Just because you like something does not make it your immediate career choice. My daughter, Shiya, loves to sing and sing loudly. At church, you hear her sing the hymns from rows away. But Shiya is not a good singer. She is a rare soul that cannot hear and match notes or pitches, even when she knows the tune. Enter dream-crushing parents. When she asked about becoming a singer, we had to tell it to her straight: No, you do not sing well!

This is hard to do and equally difficult to hear. But we must. All of us are gifted in a few areas and not good at most everything else. That’s life. We have some skills and natural talents, but no one can master everything. In fact, the young generations have so much choice that they often feel overwhelmed by the sheer number of alternatives in front of them.

Let’s get real, just because we can choose to pursue any career in life does not mean that we should.

Finding what you are good at doing requires you getting honest feedback from those who know you best. Find your trusted advisers and ask them where you shine. Sometimes you do not see the truth where others view you clearly. When we deflated Shiya’s dreams of diva-ness, we also pointed out where she does have great interest and talent. Most times throughout the day you will find Shiya sitting at her desk sketching. She sketches in her room, on napkins, at school, and anywhere she finds paper. From her earliest days until now she has drawn thousands of people and faces. She is extraordinary at it, and we told her so.
Which leads me to the final WHAT.

What does the market need?

Just because we love something and are good at doing it does not mean automatic career success. The third WHAT is crucial because if we follow passion and talent only—we might end up frustrated and broke. Case in point: there is not a large enough market demand for sketch artists. Should Shiya choose this career, she likely won’t become financially free and ready to do good. Together we mapped out together the intersection of her abilities and interests with the market need for architects. You see, right now there is a resurgence in the field of architecture, where art, technology, and innovation are leading the way to house the world’s burgeoning population. Shiya’s career goal is now architect, which marries her interest, skills, and market need. She can’t wait to start high school in an architecture-focused program.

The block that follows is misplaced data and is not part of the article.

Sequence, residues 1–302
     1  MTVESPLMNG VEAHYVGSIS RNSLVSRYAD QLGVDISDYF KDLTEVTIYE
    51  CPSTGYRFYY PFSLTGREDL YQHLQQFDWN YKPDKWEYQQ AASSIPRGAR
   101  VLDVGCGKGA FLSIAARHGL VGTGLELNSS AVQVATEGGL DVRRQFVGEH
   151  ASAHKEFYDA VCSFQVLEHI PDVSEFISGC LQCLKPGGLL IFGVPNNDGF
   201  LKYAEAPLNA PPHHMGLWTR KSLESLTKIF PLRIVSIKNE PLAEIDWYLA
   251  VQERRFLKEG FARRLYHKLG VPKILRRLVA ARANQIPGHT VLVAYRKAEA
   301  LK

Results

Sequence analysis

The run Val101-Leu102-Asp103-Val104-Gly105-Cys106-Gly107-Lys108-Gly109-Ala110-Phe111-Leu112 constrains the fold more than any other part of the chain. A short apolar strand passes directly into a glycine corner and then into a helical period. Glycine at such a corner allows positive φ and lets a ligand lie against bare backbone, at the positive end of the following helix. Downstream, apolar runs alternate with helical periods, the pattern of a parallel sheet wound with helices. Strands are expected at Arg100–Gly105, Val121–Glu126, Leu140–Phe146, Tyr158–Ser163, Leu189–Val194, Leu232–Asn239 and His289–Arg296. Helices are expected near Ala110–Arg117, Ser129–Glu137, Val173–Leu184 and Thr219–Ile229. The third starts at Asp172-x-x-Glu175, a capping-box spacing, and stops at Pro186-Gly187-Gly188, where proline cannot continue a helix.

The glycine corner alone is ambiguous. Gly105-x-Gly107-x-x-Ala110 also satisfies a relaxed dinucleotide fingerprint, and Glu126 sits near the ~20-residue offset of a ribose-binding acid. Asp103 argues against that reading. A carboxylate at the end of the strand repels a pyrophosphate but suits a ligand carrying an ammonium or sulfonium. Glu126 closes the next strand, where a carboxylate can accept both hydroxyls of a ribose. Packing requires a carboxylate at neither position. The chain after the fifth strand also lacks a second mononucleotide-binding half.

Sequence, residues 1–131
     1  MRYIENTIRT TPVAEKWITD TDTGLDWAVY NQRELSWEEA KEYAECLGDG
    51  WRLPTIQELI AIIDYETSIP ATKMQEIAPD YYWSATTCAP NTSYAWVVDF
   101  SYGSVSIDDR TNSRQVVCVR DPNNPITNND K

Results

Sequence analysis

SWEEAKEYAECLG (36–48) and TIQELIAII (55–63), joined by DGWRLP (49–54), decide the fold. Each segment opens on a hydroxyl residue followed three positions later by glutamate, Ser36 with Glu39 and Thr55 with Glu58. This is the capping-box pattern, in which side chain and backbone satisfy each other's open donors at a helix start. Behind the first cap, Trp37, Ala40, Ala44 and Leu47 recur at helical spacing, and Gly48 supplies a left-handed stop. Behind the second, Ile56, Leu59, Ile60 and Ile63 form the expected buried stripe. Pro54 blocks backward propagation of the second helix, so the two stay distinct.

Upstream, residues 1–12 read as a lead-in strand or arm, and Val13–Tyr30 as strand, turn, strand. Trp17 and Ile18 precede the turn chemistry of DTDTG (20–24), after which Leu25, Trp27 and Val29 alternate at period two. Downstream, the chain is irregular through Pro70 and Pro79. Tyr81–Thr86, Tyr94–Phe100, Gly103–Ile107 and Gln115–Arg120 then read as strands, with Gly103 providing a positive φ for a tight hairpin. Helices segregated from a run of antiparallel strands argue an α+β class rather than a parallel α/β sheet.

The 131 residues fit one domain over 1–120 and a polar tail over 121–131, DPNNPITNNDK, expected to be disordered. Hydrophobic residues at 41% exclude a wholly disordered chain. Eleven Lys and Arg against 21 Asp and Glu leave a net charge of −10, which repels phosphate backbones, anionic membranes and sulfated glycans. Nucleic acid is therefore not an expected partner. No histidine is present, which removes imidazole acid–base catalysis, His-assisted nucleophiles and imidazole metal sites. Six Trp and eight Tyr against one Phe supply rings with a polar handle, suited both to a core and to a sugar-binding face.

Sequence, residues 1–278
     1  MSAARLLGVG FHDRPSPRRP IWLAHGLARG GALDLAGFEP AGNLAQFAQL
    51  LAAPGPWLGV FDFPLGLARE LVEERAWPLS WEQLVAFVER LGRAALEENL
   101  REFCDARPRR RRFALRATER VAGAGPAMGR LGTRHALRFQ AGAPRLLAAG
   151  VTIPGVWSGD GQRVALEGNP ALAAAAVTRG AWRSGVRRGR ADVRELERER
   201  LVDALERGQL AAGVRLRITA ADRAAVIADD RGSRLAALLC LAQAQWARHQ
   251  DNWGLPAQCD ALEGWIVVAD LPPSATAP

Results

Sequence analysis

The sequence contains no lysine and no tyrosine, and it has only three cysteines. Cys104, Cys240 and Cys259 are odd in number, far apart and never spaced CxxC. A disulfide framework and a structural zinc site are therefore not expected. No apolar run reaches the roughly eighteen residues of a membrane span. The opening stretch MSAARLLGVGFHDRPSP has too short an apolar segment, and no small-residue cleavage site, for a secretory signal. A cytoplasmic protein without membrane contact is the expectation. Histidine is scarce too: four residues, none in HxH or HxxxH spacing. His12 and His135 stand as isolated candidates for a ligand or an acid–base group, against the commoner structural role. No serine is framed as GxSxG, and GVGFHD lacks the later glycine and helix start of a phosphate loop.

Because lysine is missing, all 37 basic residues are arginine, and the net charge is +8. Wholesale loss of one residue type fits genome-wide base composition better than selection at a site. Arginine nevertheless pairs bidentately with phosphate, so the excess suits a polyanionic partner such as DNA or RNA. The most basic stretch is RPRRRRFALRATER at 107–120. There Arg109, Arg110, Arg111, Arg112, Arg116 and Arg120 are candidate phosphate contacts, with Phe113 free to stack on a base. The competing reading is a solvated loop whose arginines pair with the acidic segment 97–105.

Find your niche, adjust the angle of your career path, and try new things.

You likely are not in high school or starting your career, thinking the information is great—if only my parents had pointed me in the right direction when I started out. Still, you can do the same Formula 3 exercise: What do you love? What are you good at? What does the market need? Find your niche, adjust the angle of your career path, and try new things.

I (Jodi) did this after I had children and realized that my desire for helping people (that landed me in a ministry role) did not offer much financial success. I readjusted and shifted from my counseling position to an executive leadership coach, which garnered much more pay. I make more money doing what I inherently love: supporting people as they become more phenomenal humans. Plus—now I can afford offer pro-bono counseling to anyone who needs it. Get Money Do Good.

Garry grew up loving construction and being a math wiz. He asked his high school counselor how to major in building construction in college, which wasn’t a thing. The result she gave him: engineering. Most engineers do well, but Garry found a way to build better, harnessing the power of technology—which he adores—into the building field. The result is his successful firm BASE4 and the launching of STONEPILE Construction College dedicated to help others earn their degrees and find financial success in the construction industry.

The stories can go on and on, so we will leave it here for now (until our upcoming leadership book fills in the rest).

Want to talk it over? Feel free to contact us for career consulting any time. It’s free (because we make enough on in our day jobs!).

Do Good,


Drs. Garry and Jodi Vermaas